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Securities Lending: Securities lending is the practice of an asset owner lending a security to another party for a fee so that the borrowing party may sell the asset short. Short Selling: Selling a security that one does not own. Timberland: Timberland investments, which are a renewable and sustainable resource, allow unit holders to participate in timberland investment opportunities on a global basis. These investments are expected to provide unit holders with income potential, diversification, inflation protection over long investment horizons.

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Appendix 3: Benchmark Descriptions CPI: Canadian Consumer Price Index measures the rate of inflation in Canada as published by the Bank of Canada. DEX 91 day T-Bills Index: An index that generally reflects the performance of the Canadian money market as measured by investments in 91 day Treasury Bills. DEX Real Return Bond Index: An index that covers most marketable, domestically issued Canadian inflation-linked bonds. The index is calculated on a total return basis including capital gain (loss) as well as interest income earned. The purpose of this index is to reflect performance of the broad Canadian inflation-linked bond market in a manner similar to the way the S&P/TSX Composite Index represents the Canadian equity market. DEX Long Bond Index: An index that includes bonds issued by the Government of Canada (including Crown corporations), provincial governments (including provincially guaranteed securities), municipal governments, and corporations. The index consists of semi-annual, pay fixed rate bonds issued in Canada and denominated in Canadian dollars, with a remaining effective term to maturity of greater than ten years. Total returns are calculated daily and are weighted by market capitalization. Bonds included in the index must meet minimum liquidity requirements, as defined by PC Bond. DEX Universe Bond Index: An index that covers most marketable domestically issued Canadian bonds with terms to maturity of more than one year. The DEX Universe Bond Index is comprised of Canada's, provincial, municipal and AA-through BBB-rated corporate issuers, weighted on a market basis including accrued interest. The index is calculated on a total return basis including capital gain (loss) as well as interest income earned on each debt category and sub-category. The purpose of this index is to reflect performance of the broad Canadian bond market in a manner similar to the way the S&P/TSX Composite Index represents the Canadian equity market. ICREIM/IPD Large Institutional All Property Index: An index maintained by the Institute of Canadian Real Estate Fund Managers / International Property Databank that measures the total return from six large Canadian funds, which have real estate portfolios valued greater than $1.5 billion. This index is also prepared on a Held Property basis. Morgan Stanley Capital International Indices: Morgan Stanley Capital publishes a family of indices covering all aspects of equity markets including an All-World index, developed, emerging and frontier market indices as well as country and industry sector specific indices. The

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MSCI family of indices is the standard in the industry for equities. For detailed information on each individual index please refer to Morgan Stanley’s website: www.msci.com Standard & Poor’s Global Infrastructure Index: The index provides liquid and tradable exposure to 75 companies from around the world that represent the listed infrastructure universe. To create diversified exposure across the global listed infrastructure market, the index has balanced weights across three distinct infrastructure clusters: Utilities, Transportation, and Energy. S&P/TSX Composite Index: An index maintained by the S&P/TSX Canadian Index Policy Committee that measures the return on the largest companies that trade on the Toronto Stock Exchange. The index is float-weighted and calculated on a total return basis with dividends reinvested.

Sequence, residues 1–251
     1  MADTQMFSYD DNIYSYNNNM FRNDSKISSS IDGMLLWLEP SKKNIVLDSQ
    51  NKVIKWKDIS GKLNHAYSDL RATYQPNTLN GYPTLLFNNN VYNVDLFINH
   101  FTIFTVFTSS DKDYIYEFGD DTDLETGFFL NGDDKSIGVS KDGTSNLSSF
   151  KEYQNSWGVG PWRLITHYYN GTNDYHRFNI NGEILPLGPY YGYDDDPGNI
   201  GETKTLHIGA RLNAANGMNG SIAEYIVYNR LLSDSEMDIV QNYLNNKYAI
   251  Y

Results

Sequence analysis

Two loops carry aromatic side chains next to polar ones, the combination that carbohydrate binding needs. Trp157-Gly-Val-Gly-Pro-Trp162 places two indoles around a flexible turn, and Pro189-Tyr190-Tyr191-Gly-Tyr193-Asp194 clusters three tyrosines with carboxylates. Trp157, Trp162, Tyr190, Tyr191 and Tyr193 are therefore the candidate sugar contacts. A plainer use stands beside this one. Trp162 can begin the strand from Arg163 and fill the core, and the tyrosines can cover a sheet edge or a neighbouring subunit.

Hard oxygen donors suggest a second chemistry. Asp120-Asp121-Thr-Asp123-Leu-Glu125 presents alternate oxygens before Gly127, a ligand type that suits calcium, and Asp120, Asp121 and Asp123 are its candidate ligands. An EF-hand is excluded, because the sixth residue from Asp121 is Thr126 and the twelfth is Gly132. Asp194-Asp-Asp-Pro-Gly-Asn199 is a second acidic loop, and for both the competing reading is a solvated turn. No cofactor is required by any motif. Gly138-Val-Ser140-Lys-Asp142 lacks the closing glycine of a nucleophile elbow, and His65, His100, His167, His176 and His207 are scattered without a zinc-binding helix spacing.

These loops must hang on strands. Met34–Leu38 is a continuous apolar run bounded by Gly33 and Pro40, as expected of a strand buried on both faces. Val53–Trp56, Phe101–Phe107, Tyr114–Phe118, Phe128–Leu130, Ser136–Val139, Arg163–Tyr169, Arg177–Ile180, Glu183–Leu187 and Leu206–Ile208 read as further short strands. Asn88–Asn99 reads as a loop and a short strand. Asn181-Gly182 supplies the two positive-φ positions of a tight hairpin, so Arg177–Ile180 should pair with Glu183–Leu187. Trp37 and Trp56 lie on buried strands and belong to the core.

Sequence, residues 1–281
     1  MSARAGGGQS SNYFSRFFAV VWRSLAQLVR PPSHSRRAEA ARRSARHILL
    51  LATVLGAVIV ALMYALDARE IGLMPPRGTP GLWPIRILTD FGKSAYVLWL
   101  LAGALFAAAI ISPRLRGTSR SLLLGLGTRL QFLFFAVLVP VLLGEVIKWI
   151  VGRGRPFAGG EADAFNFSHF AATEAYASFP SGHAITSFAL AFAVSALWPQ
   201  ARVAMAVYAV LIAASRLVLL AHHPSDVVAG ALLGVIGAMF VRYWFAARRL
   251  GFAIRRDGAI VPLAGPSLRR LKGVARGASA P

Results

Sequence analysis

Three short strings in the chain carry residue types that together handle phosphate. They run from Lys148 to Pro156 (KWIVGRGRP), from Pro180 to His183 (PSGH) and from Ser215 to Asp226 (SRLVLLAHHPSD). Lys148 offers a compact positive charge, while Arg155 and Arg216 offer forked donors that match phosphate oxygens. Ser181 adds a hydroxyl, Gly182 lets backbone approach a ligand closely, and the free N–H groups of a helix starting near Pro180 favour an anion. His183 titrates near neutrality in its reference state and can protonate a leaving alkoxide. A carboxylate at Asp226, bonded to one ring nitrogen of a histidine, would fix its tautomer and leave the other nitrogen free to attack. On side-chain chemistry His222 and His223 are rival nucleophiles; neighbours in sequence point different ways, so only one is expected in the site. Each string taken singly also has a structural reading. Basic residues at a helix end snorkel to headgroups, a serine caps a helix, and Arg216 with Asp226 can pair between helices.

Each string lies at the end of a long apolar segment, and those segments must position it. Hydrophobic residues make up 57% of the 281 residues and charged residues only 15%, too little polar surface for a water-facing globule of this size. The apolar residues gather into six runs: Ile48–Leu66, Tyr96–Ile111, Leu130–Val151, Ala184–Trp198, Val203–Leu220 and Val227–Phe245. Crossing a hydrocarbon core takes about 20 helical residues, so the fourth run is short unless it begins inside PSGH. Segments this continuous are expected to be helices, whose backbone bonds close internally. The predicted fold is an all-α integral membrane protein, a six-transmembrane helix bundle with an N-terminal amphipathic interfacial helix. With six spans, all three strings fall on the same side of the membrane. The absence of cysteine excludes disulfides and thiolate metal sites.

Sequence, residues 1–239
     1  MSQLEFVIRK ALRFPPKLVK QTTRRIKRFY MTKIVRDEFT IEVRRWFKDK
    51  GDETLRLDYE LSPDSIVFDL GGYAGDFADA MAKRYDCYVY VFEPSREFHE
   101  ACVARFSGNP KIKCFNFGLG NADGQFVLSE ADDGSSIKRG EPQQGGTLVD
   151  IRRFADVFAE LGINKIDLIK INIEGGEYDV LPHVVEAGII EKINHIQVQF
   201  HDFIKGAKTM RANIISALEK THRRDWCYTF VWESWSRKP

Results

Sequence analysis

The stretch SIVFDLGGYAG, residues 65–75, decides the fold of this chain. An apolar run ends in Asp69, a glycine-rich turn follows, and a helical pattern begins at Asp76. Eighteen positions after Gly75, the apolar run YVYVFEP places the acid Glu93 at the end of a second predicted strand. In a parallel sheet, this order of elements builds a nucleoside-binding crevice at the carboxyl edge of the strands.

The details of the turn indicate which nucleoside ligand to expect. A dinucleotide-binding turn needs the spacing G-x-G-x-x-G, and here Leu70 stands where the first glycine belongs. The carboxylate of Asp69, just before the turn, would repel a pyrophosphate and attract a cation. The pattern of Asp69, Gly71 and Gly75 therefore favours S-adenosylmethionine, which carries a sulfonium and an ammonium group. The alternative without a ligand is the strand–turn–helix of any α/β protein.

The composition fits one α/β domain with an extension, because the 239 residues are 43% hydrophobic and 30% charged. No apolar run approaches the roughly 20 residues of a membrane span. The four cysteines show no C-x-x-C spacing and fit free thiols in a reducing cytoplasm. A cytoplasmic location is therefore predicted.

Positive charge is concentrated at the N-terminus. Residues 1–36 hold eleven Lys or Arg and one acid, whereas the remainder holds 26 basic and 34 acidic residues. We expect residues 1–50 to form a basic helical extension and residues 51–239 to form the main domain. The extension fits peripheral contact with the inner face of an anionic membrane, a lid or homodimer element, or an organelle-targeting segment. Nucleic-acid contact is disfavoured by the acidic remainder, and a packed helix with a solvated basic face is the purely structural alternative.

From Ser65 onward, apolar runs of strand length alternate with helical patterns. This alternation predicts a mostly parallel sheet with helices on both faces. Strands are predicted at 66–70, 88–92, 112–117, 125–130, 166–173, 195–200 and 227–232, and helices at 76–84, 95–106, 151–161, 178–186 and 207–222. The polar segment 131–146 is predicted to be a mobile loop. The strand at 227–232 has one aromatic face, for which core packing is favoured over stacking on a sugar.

3.

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Heritage Fund - Statement of Investment Policy and Goals (effective

Alberta Heritage Savings Trust Fund Statement of Investment Policy and Goals Effective April 1, 2011 Approved By: Tim Wiles, Deputy Minister Alberta...

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Investment Policy I. Policy Statement and Scope This document will
money market mutual funds and limiting the average maturity of the portfolio in accordance with this policy and the stat

Statement of Investment Policy and Objectives - NZ Funds Management
20 Sep 2017 - their investment across the ten Portfolios offered under the NZ Funds Managed Portfolio Service in differe

ACHP Policy Statement: Archaeology, Heritage Tourism, and Education
Aug 15, 2008 - Heritage tourism is a component of heritage education, a way to augment the learning experience through o

Investment Fund Isda Definitions
The International Swaps and Derivatives Association (?ISDA?) has announced the publication of the 2006 ISDA Fund Derivat

Investment fund - Wikipedia
The fund manager managing the investment decisions on behalf of the investors will of course expect remuneration. This i

THORNBURG INVESTMENT INCOMEBUILDER FUND
Nov 18, 2016 - It's how we do it. At Thornburg, we are very different in how we think, invest, and are structured . We b

Statement of goals and objectives essay - Nicholas Walker
Bean - "Rollercoaster" behind the scenes video Filmed & Edited by: Nicholas Walker. HOBIE - PBS SoCal Mini Doc. Mark Bal

Investment Policy - City of Orange
(1) Primary government dealers as designated by the Federal Reserve Bank;. (2) Nationally or state-chartered banks; ....

Heritage Statement - National Infrastructure Planning
the modern, two-storey Thai Square restaurant, the Grade II listed five storey 19th century Winchester House and the ...